The United States Border Patrol raided a humanitarian aid camp in Arizona on July 31, detaining volunteers and over 30 people receiving care. The camp—known as Byrd Camp—is run by No More Deaths (NMD), an organization that works to end the death and suffering of people crossing the U.S.-Mexico border. The raid follows a,
The United States Border Patrol raided a humanitarian aid camp in Arizona on July 31, detaining volunteers and over 30 people receiving care.
The camp—known as Byrd Camp—is run by No More Deaths (NMD), an organization that works to end the death and suffering of people crossing the U.S.-Mexico border. The raid follows a pattern of retaliation against humanitarian aid and criticism of the Border Patrol.
The Border Patrol’s Raid
As the sun set, an armored vehicle, three ATVS, two helicopters, and at least 24 marked and unmarked vehicles descended on Byrd camp in over 100-degree weather. The camp has provided humanitarian aid in the Sonoran Desert near Arivaca, Arizona since 2004.
The raid included the Border Patrol Tactical Unit (BORTAC), the agency’s SWAT-style team. This is the same team that recently cracked down on protesters in American cities. Agents chased and arrested undocumented individuals who had been receiving medical care and other aid at the camp.
Unmasked agents shouted and pointed rifles at volunteers, whose hands had already been zip tied behind their backs. The agents cut open and ransacked tents, searched vehicles, and disconnected power from the well.
A warrant, which agents refused to show at the beginning of the raid, targeted documents and electronic devices. They confiscated camp medical documents and phones, preventing volunteers from documenting the event. A Border Patrol cameraman, however, filmed the event.
Border Patrol also brought a cameraman. He filmed the scene as agents chased and arrested people who had sought out humanitarian aid and respite from the 100 degree heat.
More photos and footage exist, but phones are still in custody. pic.twitter.com/2v2VSMWvz8
— No More Deaths (@NoMoreDeaths) August 2, 2020
The day before the raid, Border Patrol agents entered the camp without a warrant and detained one undocumented woman. From that time on, agents kept the camp surrounded. They required volunteers to pass through checkpoints to enter and exit.
Border Patrol’s History of Retaliation Against Humanitarian Aid Workers
This recent raid continues a history of retaliation against No More Deaths. In 2017, agents raided Byrd Camp, violating a written agreement from 2013 between the organization and the Tucson Sector Border Patrol for the first time. That agreement recognizes the camp as a medical facility as defined by the International Red Cross. Those facilities are off-limits for government interference.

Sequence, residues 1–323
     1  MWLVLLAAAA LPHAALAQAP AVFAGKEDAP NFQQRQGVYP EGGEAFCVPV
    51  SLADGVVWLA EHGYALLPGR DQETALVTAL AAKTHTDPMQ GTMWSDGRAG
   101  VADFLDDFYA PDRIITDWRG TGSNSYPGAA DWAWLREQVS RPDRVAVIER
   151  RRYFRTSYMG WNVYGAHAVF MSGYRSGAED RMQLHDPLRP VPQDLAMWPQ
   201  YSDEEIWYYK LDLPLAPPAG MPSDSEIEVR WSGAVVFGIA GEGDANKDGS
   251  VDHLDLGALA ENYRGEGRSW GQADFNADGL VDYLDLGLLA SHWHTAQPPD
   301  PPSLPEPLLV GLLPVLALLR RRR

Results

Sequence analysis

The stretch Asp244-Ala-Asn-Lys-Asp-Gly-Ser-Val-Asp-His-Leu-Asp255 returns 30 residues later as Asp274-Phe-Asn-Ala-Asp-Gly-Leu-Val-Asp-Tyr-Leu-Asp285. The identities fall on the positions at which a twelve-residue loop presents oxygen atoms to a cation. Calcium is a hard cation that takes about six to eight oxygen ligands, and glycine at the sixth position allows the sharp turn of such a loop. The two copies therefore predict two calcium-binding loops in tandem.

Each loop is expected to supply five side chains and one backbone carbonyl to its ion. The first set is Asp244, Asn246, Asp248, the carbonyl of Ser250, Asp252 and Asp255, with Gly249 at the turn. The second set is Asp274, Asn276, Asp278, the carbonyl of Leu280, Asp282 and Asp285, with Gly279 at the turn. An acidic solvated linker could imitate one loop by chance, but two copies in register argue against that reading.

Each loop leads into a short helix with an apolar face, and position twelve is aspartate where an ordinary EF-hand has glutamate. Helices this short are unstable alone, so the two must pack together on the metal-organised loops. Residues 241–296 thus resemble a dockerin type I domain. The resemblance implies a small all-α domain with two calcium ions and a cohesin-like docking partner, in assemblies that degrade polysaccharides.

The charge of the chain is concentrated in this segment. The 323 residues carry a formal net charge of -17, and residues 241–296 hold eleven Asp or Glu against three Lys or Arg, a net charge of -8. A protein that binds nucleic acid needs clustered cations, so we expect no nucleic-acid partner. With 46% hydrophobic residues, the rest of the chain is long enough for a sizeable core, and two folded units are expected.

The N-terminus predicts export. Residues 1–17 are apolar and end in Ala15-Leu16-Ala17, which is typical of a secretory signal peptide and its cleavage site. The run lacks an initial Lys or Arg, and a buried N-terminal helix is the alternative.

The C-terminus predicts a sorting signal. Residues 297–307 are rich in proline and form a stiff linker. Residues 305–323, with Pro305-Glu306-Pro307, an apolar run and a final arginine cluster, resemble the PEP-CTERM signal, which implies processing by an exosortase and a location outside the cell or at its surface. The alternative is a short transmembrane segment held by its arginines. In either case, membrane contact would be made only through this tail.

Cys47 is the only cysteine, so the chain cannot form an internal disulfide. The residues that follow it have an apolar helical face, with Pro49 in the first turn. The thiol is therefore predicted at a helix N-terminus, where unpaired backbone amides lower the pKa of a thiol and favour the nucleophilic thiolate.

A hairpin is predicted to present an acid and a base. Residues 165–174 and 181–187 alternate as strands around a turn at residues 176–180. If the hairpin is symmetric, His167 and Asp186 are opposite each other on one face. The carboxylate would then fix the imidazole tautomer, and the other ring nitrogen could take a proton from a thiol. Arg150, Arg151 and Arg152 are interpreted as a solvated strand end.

Border Patrol and BORTAC arrested people receiving care and ransacked the humanitarian aid station, ripping apart tents and destroying medical supplies. pic.twitter.com/jb5Ov4RwVJ
— No More Deaths (@NoMoreDeaths) August 2, 2020
In 2018, NMD published a report on Border Patrol’s interference with humanitarian aid. The organization asked advocates to call the Tucson Border Patrol Station with their criticism. Hours later, agents raided Byrd camp again. This time, they arrested volunteer Scott Warren and two undocumented men.
In 2017 and 2018, the federal government brought charges against a total of nine NMD volunteers related to their humanitarian aid work. The only convictions (for entering a wildlife refuge without a permit and abandoning property (e.g., water and food)) have since been reversed.
Two days before the recent raid, NMD had released evidence related to the 2017 raid obtained through a Freedom of Information Act request. The documents showed that BORTAC had advised on the raid, and that a leader of the Border Patrol union pressured agents to proceed quickly without a warrant.
“Items” to be seized included human beings. Think about that for a second. https://t.co/bGFyqJZzSA
— Nicole Hallett (@HallettNicole) August 3, 2020
Greg Kuyendall, an attorney who represented Scott Warren, responded to the recent display of enforcement stating:
“…Humanitarian aid camps are recognized as a basic good and a thing that needs to be provided, normally by either NGOs or governments themselves, and they’re absolutely off-limits from law enforcement. That’s well-established in the International Red Cross guidelines, as well as the United Nations’ guidelines…Every organization that deals with refugees and people that are in crisis situations, whether they’re manmade or not, understands that humanitarian aid stations cannot be places where law enforcement is allowed to go hunting.”
There was no need for the Border Patrol to raid Byrd Camp, especially using paramilitary force during a pandemic. Such actions serve only to retaliate against human rights organizations and intimidate citizens from providing humanitarian aid. No More Deaths’ aid work should be decriminalized and protected.